Don’t worry, I’m watching your clock! These quick moves take just seconds to do and you can use them as part of your dynamic warm up or your cool down.
Mobility drills are designed to improve functional range of motion in joints, muscles and surrounding fascia while balancing strength and flexibility.
For example if your hips are too tight, you begin rotating them with each step which creates torque on your knees and leads to pain. Or you can’t fully extend your back kick to create optimal force against the ground for speed.The most common mobility exercise to identify and correct imbalances is the squat! It increases strength throughout the body, requires you to engage your core and is a functional movement.
Surprisingly hard to do a perfect squat –
- Feet hip width apart
- Weight evenly distributed through feet
- Butt pushing backward
- Back straight, chest and shoulders up
- Knees remain in line with feet – if they fall outside your toes don’t go any farther down
- Work to squat down with your bum below knees (all of the above still correct)
Here’s why that matters as explained by C Shante Cofield, Doctor of Physical Therapy.
“The best example is that person who’s trying to do an overhead squat and they’re just struggling to squat down.That’s energy that’s being used just to fight against their own body. When people gain mobility and they have this freedom of motion and they can just get into the squat they suddenly have this whole reserve of energy to direct into the actual movement and into whatever they’re lifting as opposed to just trying to get into the shape.”
Ok, but we aren’t really hear to talk about squats, we want to talk about how to increase hip motility to make you a better runner.
Why Mobility Matters for Runners?
Mobility drills make us more aware of our bodies and our range of motion, which leads to better running form and less injuries!
Runners hips are notoriously tight and we often use them only in a straight forward motion, this move helps to increase range of motion in the joint and can loosen up tight areas.
Here are 6 different ways you can improve your mobility ASAP. A few are easy to incorporate in to your warm up, while others are perfect to add to your recovery routine (yes all that time I know you’re spending with the foam roller, right?!)
This mobility workout for runners that takes just minutes to do, but as always yields great results.
Mobility Moves for Runners
How do you loosen tight hips? It’s not just through stretching, these mobility moves are going to provide both flexibility and strength.
On the off chance you don’t want to watch that great video demonstration, here’s a quick review of each move.
Standing figure Eight:
Standing on your right leg, bring your left knee up to 90 degrees and then move it through figure 8 motion. It might feel awkward, but that’s ok, you need to work the hip in multiple different planes.
Imagine you have a hurdle (yup the kind from track and field) on your right side. Swing your left leg up and over, then bring your right leg over. Repeat by moving back across your imaginary hurdle – get that leg up HIGH!
This one looks deceptively easy. Start with both knees wider than your yoga mat and your legs straight behind you (no pulling the feet together like child’s pose). Slowly push back and you should feel the stretch through your inner thigh, if not try legs wider or ensure your legs are straight.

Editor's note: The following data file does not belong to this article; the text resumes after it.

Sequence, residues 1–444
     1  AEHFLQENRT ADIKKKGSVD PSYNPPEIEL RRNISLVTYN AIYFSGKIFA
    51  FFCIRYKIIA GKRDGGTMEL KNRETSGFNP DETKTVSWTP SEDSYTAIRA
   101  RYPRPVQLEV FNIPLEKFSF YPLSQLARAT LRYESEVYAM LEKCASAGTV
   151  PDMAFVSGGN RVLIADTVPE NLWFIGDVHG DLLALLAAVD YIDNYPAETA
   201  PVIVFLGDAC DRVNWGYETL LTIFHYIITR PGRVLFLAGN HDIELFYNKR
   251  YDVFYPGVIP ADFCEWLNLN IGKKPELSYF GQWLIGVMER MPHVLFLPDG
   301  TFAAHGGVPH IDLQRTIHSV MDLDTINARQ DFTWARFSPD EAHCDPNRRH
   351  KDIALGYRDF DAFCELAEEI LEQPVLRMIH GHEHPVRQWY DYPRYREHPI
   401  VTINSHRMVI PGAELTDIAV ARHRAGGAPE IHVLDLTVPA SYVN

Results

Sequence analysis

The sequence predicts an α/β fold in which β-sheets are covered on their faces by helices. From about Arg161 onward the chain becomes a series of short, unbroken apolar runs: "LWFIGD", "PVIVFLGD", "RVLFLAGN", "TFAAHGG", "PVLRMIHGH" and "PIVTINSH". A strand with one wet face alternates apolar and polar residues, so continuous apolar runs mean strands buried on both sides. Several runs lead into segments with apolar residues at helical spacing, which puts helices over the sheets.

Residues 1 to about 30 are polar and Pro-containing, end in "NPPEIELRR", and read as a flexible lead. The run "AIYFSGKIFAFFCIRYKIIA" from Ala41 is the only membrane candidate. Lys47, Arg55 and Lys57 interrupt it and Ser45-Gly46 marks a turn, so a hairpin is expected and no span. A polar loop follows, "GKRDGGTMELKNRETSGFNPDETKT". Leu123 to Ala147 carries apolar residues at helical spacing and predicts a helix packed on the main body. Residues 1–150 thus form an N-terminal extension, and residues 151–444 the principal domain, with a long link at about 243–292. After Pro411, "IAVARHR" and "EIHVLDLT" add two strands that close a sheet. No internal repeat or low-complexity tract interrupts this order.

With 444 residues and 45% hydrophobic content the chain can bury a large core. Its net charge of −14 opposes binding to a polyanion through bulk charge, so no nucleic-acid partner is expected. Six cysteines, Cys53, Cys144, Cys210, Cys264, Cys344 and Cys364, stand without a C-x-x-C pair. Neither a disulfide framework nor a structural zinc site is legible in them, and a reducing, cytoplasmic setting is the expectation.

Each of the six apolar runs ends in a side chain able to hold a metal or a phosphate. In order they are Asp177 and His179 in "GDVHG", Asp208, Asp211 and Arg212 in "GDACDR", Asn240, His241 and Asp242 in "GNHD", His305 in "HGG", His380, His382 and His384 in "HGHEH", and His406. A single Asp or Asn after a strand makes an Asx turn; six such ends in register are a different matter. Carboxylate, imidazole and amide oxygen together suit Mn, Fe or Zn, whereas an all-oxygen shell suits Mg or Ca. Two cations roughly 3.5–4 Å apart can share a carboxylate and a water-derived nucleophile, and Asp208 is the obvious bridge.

Yes the very one you may have tried in yoga class. It’s one of the ultimate moves for working in to our hips, glutes and IT Band. From a plank position, pull your right knee in to your chest then to the ground with your foot angled towards your opposite hip. Make sure your hips are remaining square to the front of your mat (no leaning to one side). Then if you need more stretch, lean forward over your foot.
Let me introduce you to a muscle you’ve probably overlooked: your TFL. This doesn’t work with a foam roller, you need a small PT ball. You’ll place the ball where the seam of jeans pocket would be and slowly roll it around. This muscle helps to keep your hips and pelvis stabile.
This is a big one for reducing hip pain that many aren’t aware of!
Foam Roller Rotation:
Taking things up a notch, instead of just rolling back and forth, we’re going to work in to the muscles. (And remember NEVER roll your IT Band). Laying on your right side with your hip on the foam roller, you’ll first have your foot pointing forward and then slowing rotate that foot towards the sky.
Mobility Beyond Our Hips
While I focused on our hips here, it’s not the only thing that matters for runners. You’re whole body is connected, so all the tension you hold in your shoulders matters too.
Throughout the week, I include a few other mobility moves that help to open up my shoulders as I know they get tight and a little out of whack from all the time I spend here with you, clickity clacking on the keyboard!! It’s easy to feel overwhelmed by all the things we could be doing to improve our runs, so instead pick one or two things at a time to work on.
Maybe you add in a day of yoga each week or add in a few mobility drills and stretching after a run. It’s amazing how much just a few little things can add up and quickly become a natural part of your routine.
BONUS: Try adding in some collagen for additional benefits!
Do you do any mobility work?
Any ares you lack range of motion that need work?
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